by Shardai Zaragoza ‘13
Cindy Donis (‘13) is a Chicana/o and Gender/Feminist Studies dual major. Natalia Mendoza (‘13) studies Sociology and Chicana/o Studies. Both are writing their senior project on Rockabilly as a socio-cultural production. Cindy recently presented at the annual NACCS (National Association of Chicana/o Studies) conference in San Antonio, TX.
Rockabilly Festival is a music and arts event sponsored by the Latina/o Student Union. The festival brings live music, local artists, vendors, food, and custom cars to Pitzer’s campus. Mar. 9, 2013 was the festival’s sixth year in production.
Orange Peel: What made you two get involved in the festival?
Donis: Hearing Professor Pantoja and others talk about the festival and the impact it has on the campus. When I saw the first festival I was really impressed by what I was seeing…the cars, the large crowd of Latinos that it attracts, the colors, and the culture…I knew it was something I wanted to get involved in. After the first year of organizing it was fun and I wanted to keep the tradition going.
Mendoza: For me, it was one of my favorite days at Pitzer my first year and a day where I felt really comfortable. This was an event that I felt like I could invite my family to. I wanted it to continue and I saw my opportunity to get involved.
Orange Peel: What impact, if any, has the festival had on you during the past four years here at Pitzer?
Mendoza: On a personal level, I think i’ve become more confident in my organizing and in interacting with people and being comfortable in doing so.
Donis: Its given me a lot of experience and skills which will be really helpful in what I do in the future. It was also a confidence booster.
Mendoza: Yeah, learning the behind the scenes, learning how to contact people, how to be part of a team. It had a really big impact.
Orange Peel: Why do you think having this event on Pitzer’s campus is important? For Pitzer/the community?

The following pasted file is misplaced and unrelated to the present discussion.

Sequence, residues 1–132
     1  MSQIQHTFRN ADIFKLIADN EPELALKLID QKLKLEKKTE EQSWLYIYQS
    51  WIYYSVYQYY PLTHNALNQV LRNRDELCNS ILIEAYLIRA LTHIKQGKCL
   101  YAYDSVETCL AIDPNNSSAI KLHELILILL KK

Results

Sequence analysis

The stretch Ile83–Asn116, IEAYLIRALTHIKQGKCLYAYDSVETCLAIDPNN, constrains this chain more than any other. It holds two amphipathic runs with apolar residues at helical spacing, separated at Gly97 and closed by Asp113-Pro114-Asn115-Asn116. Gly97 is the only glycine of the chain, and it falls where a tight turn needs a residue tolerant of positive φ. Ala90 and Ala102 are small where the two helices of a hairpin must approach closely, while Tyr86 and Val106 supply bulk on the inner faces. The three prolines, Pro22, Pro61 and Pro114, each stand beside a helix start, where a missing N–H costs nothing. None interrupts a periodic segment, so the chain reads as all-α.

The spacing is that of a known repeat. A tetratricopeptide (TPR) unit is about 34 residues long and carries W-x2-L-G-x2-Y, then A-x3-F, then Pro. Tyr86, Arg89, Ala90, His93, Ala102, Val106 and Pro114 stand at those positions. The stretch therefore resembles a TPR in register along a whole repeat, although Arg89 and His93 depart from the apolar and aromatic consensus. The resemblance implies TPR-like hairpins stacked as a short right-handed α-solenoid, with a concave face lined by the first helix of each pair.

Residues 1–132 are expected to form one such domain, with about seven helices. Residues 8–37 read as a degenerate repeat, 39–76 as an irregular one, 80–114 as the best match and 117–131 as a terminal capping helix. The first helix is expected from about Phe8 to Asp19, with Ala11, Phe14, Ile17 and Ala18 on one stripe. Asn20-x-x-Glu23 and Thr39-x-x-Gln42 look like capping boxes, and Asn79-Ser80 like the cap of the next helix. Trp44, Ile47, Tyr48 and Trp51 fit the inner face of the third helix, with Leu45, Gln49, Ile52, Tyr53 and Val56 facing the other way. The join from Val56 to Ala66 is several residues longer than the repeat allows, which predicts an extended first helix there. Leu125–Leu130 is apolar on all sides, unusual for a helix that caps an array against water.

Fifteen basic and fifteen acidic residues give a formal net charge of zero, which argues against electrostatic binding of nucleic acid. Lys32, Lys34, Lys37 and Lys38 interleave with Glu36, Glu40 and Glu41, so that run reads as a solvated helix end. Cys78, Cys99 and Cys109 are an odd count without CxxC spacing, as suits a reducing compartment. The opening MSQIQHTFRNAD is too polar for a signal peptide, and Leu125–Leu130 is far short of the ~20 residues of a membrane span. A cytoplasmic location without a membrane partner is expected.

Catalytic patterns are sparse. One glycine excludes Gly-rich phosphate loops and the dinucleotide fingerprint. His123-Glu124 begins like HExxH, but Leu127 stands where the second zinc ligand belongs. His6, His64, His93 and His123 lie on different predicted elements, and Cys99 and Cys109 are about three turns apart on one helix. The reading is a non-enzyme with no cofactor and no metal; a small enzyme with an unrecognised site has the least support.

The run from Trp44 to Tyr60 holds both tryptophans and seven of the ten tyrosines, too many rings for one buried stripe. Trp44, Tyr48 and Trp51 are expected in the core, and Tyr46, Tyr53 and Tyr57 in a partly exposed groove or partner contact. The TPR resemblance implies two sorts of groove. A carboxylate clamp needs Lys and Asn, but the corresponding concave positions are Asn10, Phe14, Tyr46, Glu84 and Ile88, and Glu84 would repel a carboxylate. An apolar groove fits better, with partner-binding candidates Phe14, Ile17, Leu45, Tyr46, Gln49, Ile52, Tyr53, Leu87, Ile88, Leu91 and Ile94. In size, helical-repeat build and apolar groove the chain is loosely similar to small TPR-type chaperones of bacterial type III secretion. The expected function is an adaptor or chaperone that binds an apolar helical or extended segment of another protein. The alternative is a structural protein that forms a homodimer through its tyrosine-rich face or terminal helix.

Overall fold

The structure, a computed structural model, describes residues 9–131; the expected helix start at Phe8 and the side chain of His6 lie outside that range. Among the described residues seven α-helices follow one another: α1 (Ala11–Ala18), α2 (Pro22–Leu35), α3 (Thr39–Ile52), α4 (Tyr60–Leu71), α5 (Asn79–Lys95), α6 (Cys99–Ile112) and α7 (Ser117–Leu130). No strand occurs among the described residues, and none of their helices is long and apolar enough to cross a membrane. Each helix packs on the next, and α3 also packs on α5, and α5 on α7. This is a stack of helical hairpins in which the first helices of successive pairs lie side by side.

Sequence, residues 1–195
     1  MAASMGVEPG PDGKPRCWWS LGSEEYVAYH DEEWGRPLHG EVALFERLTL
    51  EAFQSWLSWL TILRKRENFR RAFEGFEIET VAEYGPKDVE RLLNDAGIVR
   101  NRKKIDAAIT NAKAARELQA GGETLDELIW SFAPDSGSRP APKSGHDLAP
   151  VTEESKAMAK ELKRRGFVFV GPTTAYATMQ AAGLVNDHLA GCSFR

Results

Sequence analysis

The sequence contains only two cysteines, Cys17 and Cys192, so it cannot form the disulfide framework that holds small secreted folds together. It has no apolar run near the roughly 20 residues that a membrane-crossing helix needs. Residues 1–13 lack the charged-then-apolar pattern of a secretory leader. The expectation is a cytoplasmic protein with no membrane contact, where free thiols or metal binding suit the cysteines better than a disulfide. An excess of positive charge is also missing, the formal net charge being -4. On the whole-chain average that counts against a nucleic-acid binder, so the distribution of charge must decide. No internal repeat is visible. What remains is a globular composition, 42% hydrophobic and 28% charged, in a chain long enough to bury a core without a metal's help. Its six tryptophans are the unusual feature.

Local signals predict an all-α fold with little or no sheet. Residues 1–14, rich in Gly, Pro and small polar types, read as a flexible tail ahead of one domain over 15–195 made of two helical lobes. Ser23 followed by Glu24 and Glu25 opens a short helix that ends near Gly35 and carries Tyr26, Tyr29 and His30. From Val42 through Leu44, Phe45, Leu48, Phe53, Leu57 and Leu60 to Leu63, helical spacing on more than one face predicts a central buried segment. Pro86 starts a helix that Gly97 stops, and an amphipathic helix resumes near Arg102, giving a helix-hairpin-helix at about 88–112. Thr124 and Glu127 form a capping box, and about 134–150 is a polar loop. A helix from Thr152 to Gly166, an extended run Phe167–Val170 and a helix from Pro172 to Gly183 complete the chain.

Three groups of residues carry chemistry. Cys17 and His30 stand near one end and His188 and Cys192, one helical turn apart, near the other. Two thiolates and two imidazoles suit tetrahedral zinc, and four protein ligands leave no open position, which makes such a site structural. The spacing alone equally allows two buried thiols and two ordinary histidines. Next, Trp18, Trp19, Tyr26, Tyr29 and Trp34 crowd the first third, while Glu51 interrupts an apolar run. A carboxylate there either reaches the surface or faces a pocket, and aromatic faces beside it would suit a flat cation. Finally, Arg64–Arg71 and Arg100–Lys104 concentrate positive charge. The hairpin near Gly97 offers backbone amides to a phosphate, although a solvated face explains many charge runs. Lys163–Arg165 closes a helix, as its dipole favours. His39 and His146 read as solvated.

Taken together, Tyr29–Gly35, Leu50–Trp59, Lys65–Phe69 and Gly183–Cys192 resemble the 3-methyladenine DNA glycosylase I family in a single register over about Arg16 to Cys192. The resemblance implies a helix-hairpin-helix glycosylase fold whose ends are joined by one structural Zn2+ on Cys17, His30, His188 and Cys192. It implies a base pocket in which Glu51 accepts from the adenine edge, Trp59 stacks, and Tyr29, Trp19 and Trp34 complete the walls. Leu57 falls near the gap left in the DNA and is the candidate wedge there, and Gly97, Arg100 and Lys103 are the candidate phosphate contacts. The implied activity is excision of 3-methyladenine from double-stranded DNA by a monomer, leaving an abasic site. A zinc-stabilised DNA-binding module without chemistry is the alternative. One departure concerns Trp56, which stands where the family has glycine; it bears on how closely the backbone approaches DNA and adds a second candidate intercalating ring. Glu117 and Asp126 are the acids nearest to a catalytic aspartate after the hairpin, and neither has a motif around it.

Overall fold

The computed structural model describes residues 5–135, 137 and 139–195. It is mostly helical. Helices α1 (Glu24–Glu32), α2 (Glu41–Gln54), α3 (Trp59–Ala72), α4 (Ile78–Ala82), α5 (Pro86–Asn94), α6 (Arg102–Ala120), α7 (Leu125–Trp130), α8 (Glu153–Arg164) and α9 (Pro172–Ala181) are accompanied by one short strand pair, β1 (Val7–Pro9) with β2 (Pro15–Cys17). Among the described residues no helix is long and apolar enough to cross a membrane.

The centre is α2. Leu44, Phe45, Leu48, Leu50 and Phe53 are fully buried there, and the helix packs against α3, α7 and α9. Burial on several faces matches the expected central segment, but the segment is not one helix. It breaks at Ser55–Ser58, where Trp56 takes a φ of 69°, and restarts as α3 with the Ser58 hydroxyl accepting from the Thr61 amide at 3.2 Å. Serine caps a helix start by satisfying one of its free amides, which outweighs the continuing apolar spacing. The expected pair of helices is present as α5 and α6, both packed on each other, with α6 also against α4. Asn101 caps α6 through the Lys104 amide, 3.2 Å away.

Mendoza: Rockabilly Festival is a really good venue to practice Pitzer’s core values of intercultural understanding and social responsibility. It brings two very distinct worlds in a space together.
Donis: Yeah, this year LSU collaborated with Pomona High Schools MEChA club. They not only participated as volunteers but the funds we made at the festival through raffle tickets, car registration, and vendor and t-shirt sales went towards their college scholarship fund. We also had a presence of community organizations at the festival to spread awareness about local issues.
Orange Peel: What are you most going to miss about being part of this festival?
Mendoza: I’ll miss seeing it all come together on the day of.
Donis: I really liked seeing the families enjoying the festival.
Orange Peel: Any last words?
Donis: It was a team effort so I want to thank all of those that were a part of helping make the festival happen. Also the other previous organizers that we all learned from.
Mendoza: I’m excited to see what the students come up with next year!
As the third lead organizer for the Rockabilly Festival, I can’t help but agree with what both Donis and Mendoza had to say about the festival and their part in it. Throughout the past four years of being here at Pitzer and organizing the festival, I have found great work experience, stress, excitement, and friendships. Rockabilly Fest has grown so much since its origin six years ago and I hope it continues to do soon Pitzer’s campus.